In the field of nanoscience, an international team of physicists with participants from Konstanz has achieved a breakthrough in understanding heat transport

In the field of nanoscience, an international team of physicists with participants from Konstanz has achieved a breakthrough in understanding heat transport

Im Focus: DNA repair: a new letter in the cell alphabet

Results reveal how discoveries may be hidden in scientific “blind spots”

Cells need to repair damaged DNA in our genes to prevent the development of cancer and other diseases. Our cells therefore activate and send “repair-proteins”...

Im Focus: Dresdner scientists print tomorrow’s world

The Fraunhofer IWS Dresden and Technische Universität Dresden inaugurated their jointly operated Center for Additive Manufacturing Dresden (AMCD) with a festive ceremony on February 7, 2017. Scientists from various disciplines perform research on materials, additive manufacturing processes and innovative technologies, which build up components in a layer by layer process. This technology opens up new horizons for component design and combinations of functions. For example during fabrication, electrical conductors and sensors are already able to be additively manufactured into components. They provide information about stress conditions of a product during operation.

The 3D-printing technology, or additive manufacturing as it is often called, has long made the step out of scientific research laboratories into industrial...

Im Focus: Mimicking nature's cellular architectures via 3-D printing

Research offers new level of control over the structure of 3-D printed materials

Nature does amazing things with limited design materials. Grass, for example, can support its own weight, resist strong wind loads, and recover after being...

Im Focus: Three Magnetic States for Each Hole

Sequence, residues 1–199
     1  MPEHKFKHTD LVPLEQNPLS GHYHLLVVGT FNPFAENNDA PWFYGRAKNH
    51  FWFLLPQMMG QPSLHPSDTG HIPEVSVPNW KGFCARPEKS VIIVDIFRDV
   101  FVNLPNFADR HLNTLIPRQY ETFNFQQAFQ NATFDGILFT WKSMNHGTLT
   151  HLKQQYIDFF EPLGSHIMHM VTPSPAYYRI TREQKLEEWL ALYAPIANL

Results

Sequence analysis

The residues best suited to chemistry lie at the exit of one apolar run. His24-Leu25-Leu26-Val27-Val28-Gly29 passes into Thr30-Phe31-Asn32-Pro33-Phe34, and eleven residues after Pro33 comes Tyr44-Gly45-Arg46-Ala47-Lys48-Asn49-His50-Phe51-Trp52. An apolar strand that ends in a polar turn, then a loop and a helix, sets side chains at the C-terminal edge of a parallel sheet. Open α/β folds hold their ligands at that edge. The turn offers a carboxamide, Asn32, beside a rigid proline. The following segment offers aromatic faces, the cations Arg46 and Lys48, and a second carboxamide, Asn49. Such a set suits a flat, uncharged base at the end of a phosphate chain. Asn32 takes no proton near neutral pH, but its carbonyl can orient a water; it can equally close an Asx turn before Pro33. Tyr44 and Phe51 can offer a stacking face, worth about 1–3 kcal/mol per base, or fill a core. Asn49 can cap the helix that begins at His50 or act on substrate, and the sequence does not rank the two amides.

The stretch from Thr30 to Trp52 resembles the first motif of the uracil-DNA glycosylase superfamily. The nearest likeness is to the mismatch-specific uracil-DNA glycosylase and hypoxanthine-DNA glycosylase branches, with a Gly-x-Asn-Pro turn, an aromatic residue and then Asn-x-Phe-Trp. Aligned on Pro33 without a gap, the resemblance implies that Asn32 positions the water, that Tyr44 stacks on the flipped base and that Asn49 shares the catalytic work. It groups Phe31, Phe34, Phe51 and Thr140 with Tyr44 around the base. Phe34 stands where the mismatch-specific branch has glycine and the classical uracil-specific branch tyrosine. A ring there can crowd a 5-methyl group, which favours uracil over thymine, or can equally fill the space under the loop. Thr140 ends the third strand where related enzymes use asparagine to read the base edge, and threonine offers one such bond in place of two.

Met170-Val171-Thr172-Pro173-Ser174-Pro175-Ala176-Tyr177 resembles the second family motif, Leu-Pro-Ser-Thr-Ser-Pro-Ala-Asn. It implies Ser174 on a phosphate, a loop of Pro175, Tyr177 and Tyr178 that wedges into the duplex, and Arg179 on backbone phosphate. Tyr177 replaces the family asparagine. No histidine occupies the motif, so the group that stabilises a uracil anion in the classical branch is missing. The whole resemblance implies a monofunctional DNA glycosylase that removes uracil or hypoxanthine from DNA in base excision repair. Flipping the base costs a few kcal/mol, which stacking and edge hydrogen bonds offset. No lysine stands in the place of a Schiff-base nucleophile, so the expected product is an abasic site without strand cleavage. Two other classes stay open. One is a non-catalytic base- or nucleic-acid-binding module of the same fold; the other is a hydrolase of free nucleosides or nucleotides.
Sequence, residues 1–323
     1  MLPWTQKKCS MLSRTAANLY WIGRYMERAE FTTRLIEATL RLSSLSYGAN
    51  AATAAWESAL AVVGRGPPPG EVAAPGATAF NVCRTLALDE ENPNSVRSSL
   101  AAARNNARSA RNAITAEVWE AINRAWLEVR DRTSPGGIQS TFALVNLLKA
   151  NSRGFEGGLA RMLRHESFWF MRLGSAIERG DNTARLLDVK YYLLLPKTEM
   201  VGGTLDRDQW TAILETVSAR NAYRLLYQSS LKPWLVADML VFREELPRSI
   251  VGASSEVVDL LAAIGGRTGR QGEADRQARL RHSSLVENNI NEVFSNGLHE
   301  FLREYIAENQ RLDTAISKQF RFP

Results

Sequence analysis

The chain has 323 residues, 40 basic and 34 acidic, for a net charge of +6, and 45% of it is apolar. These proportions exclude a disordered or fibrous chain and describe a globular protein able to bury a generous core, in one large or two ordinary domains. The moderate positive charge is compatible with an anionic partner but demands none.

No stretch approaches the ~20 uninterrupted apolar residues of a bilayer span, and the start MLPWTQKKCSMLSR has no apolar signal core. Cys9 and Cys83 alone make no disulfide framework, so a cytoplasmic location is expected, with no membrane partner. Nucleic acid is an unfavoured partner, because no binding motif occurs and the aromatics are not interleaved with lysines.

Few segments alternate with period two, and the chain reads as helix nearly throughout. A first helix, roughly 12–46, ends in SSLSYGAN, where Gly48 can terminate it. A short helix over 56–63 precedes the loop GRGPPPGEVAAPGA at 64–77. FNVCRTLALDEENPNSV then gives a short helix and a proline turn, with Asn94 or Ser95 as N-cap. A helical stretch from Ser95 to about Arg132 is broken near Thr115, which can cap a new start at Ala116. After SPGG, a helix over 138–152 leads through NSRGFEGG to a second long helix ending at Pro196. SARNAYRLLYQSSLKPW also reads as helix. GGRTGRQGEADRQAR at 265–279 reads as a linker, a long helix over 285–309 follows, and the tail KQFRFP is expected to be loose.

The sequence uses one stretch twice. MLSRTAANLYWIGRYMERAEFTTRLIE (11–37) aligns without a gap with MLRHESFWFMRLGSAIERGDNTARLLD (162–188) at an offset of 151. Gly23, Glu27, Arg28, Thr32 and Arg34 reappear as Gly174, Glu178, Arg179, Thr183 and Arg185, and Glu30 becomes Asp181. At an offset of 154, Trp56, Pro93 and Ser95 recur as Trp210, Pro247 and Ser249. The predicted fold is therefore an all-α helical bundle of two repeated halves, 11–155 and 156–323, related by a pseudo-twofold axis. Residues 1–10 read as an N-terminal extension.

Nanometer-scale magnetic perforated grids could create new possibilities for computing. Together with international colleagues, scientists from the Helmholtz Zentrum Dresden-Rossendorf (HZDR) have shown how a cobalt grid can be reliably programmed at room temperature. In addition they discovered that for every hole ("antidot") three magnetic states can be configured. The results have been published in the journal "Scientific Reports".

Physicist Dr. Rantej Bali from the HZDR, together with scientists from Singapore and Australia, designed a special grid structure in a thin layer of cobalt in...

All Focus news of the innovation-report >>>

Anzeige

Anzeige

Event News

Booth and panel discussion – The Lindau Nobel Laureate Meetings at the AAAS 2017 Annual Meeting

13.02.2017 | Event News

Complex Loading versus Hidden Reserves

10.02.2017 | Event News

International Conference on Crystal Growth in Freiburg

09.02.2017 | Event News

 
Latest News

Stingless bees have their nests protected by soldiers

24.02.2017 | Life Sciences

New risk factors for anxiety disorders

24.02.2017 | Life Sciences

MWC 2017: 5G Capital Berlin

24.02.2017 | Trade Fair News

VideoLinks
B2B-VideoLinks
More VideoLinks >>>